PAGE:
I’ve been ranting and raving about the Weinstein situation ever since the news broke. I’ve written about it here several times, and I’m sure I’ll be writing about it again in the future. This post is not about Weinstein, not directly, anyway. In the wake of the whole debacle, a day of ‘me, too’ emerged on Facebook. The point was to write ‘me, too’ as your status on FB if you’re a woman who’s been sexually harassed/assaulted, etc. It started, I assume, to model itself after the #MeToo on Twitter, which I didn’t see while it was happening. Please note: I know men are sexually assaulted, too. I would have been supportive of any man or nonbinary individual who stood up during the day of ‘me, too’. However, the microaggressions and sexual harassment that happens on a daily basis are more common for women, much more common, so that’s what the focus of ‘me, too’ was. I just wanted to get that out of the way so there won’t be a derail. Yes, men are abused, too. Yes, women are abusers. On with the post.
I didn’t participate in the day of ‘me, too’ except to click the sad face emoji on women’s posts. Why? It’s not because I haven’t experienced sexual aggression/harassment/abuse; I have. I’ve written about it on my blog several times. I’ve been very honest and open about it in the past. I am not ashamed of my past (well, not as much as I used to be. I’m still working on it), and I have no problems with discussing it if asked about it. It’s not because I haven’t talked about it on FB; I have done that as well. I have no problems with posting statuses about it, especially in connection with whatever current event is happening (see, Weinstein assholery). I’ve ranted on the mean Twitter streets ad nauseam about my experiences and railed against the inequities of our society that allows this bullshit to continue.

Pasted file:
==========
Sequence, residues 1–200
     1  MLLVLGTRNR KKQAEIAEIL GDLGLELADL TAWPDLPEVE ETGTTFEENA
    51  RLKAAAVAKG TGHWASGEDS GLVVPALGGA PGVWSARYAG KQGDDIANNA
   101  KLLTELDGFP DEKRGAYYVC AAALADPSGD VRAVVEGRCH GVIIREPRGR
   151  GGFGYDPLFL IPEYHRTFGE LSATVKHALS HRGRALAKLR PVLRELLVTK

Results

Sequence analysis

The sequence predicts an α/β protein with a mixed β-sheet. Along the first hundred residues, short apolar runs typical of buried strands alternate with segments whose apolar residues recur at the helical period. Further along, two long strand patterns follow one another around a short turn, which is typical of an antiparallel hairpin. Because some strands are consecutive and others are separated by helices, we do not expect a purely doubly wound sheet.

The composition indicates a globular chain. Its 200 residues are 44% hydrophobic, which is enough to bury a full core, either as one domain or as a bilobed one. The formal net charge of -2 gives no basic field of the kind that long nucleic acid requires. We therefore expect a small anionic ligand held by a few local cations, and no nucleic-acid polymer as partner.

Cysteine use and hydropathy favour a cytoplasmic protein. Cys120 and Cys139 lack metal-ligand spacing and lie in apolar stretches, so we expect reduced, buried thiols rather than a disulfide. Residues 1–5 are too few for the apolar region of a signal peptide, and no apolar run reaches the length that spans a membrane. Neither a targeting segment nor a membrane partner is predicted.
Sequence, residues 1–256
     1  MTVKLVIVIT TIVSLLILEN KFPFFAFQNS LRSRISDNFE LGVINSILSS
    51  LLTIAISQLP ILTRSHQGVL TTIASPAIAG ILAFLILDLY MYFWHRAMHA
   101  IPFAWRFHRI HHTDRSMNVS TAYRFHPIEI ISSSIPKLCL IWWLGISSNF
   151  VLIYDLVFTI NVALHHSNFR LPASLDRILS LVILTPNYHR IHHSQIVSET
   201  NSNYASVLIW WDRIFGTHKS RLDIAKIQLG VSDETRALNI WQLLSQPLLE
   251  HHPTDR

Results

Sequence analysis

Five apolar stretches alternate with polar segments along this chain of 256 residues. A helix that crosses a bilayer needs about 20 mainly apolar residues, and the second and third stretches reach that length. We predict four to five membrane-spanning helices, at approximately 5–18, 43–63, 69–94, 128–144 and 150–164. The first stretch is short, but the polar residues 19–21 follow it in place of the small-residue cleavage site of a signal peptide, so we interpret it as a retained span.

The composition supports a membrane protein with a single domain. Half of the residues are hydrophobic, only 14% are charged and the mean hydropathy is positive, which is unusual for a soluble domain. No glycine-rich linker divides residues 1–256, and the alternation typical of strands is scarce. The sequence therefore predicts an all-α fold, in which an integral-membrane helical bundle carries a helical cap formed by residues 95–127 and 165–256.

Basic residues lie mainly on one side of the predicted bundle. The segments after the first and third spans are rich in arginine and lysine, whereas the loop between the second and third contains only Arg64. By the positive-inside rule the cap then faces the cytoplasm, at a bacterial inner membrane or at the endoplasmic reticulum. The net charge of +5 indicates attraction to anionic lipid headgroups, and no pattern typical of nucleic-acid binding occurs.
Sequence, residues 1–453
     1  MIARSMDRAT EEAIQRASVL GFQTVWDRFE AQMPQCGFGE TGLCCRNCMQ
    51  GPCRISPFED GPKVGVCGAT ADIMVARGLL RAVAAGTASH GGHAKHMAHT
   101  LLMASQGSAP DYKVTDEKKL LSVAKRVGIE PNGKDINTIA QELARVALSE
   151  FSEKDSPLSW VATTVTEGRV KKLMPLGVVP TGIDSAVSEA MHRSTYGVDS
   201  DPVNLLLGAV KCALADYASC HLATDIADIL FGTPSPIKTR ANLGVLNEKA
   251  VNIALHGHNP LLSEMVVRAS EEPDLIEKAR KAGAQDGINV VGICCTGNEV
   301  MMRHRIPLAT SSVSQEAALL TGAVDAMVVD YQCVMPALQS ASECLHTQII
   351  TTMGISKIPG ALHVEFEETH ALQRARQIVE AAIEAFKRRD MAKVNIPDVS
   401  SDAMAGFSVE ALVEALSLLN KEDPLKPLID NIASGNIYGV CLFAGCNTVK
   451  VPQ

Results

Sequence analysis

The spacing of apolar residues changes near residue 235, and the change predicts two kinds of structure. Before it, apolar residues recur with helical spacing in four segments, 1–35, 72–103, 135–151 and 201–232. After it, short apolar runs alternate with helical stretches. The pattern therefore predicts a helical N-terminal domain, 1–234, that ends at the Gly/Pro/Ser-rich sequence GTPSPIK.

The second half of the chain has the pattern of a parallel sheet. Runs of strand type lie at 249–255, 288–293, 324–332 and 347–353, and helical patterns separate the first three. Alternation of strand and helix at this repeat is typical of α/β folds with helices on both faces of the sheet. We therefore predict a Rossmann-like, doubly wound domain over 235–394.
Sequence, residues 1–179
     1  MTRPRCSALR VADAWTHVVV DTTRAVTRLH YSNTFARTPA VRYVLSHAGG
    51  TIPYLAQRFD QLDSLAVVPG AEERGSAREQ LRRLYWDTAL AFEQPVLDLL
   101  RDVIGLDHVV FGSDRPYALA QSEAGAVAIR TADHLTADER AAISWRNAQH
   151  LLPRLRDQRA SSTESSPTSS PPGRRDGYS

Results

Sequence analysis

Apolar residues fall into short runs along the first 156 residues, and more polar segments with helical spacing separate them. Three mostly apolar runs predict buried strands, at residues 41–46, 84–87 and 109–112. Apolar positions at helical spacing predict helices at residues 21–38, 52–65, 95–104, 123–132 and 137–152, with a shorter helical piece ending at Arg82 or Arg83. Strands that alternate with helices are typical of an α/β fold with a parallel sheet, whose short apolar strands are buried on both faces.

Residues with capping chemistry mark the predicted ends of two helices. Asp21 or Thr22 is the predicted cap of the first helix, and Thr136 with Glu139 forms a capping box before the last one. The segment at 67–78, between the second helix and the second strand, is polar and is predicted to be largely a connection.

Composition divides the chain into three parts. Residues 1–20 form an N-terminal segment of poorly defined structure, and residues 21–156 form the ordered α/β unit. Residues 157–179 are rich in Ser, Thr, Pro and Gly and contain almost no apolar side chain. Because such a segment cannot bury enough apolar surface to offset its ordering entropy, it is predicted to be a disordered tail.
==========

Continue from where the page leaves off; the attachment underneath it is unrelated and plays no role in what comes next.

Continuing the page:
So, in theory, when I saw the ‘me, too’ posts on Facebook (I didn’t hear about the #Metoo on Twitter until after the fact), I should have been the first one to write a passionate post about it with a ME, TOO shouting in the lede paragraph. I should have written about the sustained sexual abuse, the date rape that turned into an abusive relationship, the friends who’ve cornered me while they were drunk and pawed me while I waited for them to let me go. I should have written about living in the East Bay when I used to walk everywhere, and I couldn’t leave my house without getting hit on. I especially remember one drunk white dude coming up to me when I was stretching before my walk, pressing close to my body, leering at my tats and showing me his. How he laughed at me as I ran away, and how my heart was pounding because I was afraid he’d follow me. In broad daylight. I should have written about when I was in Thailand with my college and staying at a hotel. There was a worker who started hounding me whenever I was in the lounge. Asking if I had a boyfriend. Hovering. Not going away even though I studiously ignored him. Making suggestive statements. I stopped hanging out in the lounge. When I later told my teachers about it, they said maybe it’s cultural* and brushed it off.
I should have written about how I used to have an avi of my chest tattoo on Twitter, but I took it down because I was tired of guys sliding into my DMs to compliment me on my ‘tattoo’. Side note: I have learned the difference between an honest compliment and one that is dripping with sleaze. Most women can see behind the veil of plausible deniability, and it’s just annoying. I should have also written about being on Craigslist and explicitly saying in my personal ad that I don’t want anyone with an Asian fetish or dick pics and having So. Many. Dudes. disregard either or both of those requests.